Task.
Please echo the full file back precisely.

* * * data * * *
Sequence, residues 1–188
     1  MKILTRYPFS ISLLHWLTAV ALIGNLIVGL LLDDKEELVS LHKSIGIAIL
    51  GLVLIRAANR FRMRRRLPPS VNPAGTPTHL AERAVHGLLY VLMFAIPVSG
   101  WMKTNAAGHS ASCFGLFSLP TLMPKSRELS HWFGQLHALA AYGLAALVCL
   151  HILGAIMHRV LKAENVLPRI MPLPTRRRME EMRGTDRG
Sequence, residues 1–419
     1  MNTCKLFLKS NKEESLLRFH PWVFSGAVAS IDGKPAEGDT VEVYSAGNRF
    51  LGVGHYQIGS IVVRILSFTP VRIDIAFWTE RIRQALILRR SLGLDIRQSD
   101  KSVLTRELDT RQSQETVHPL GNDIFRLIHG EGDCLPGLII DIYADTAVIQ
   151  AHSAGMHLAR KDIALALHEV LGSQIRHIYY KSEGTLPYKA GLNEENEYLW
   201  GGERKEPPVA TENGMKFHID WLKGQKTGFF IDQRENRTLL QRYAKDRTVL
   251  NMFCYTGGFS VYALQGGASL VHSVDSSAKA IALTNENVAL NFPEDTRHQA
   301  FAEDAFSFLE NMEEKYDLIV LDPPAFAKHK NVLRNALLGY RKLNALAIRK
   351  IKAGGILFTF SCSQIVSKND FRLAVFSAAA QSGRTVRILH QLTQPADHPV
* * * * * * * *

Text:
Sequence, residues 1–188
     1  MKILTRYPFS ISLLHWLTAV ALIGNLIVGL LLDDKEELVS LHKSIGIAIL
    51  GLVLIRAANR FRMRRRLPPS VNPAGTPTHL AERAVHGLLY VLMFAIPVSG
   101  WMKTNAAGHS ASCFGLFSLP TLMPKSRELS HWFGQLHALA AYGLAALVCL
   151  HILGAIMHRV LKAENVLPRI MPLPTRRRME EMRGTDRG
Sequence, residues 1–419
     1  MNTCKLFLKS NKEESLLRFH PWVFSGAVAS IDGKPAEGDT VEVYSAGNRF
    51  LGVGHYQIGS IVVRILSFTP VRIDIAFWTE RIRQALILRR SLGLDIRQSD
   101  KSVLTRELDT RQSQETVHPL GNDIFRLIHG EGDCLPGLII DIYADTAVIQ
   151  AHSAGMHLAR KDIALALHEV LGSQIRHIYY KSEGTLPYKA GLNEENEYLW
   201  GGERKEPPVA TENGMKFHID WLKGQKTGFF IDQRENRTLL QRYAKDRTVL
   251  NMFCYTGGFS VYALQGGASL VHSVDSSAKA IALTNENVAL NFPEDTRHQA
   301  FAEDAFSFLE NMEEKYDLIV LDPPAFAKHK NVLRNALLGY RKLNALAIRK
   351  IKAGGILFTF SCSQIVSKND FRLAVFSAAA QSGRTVRILH QLTQPADHPV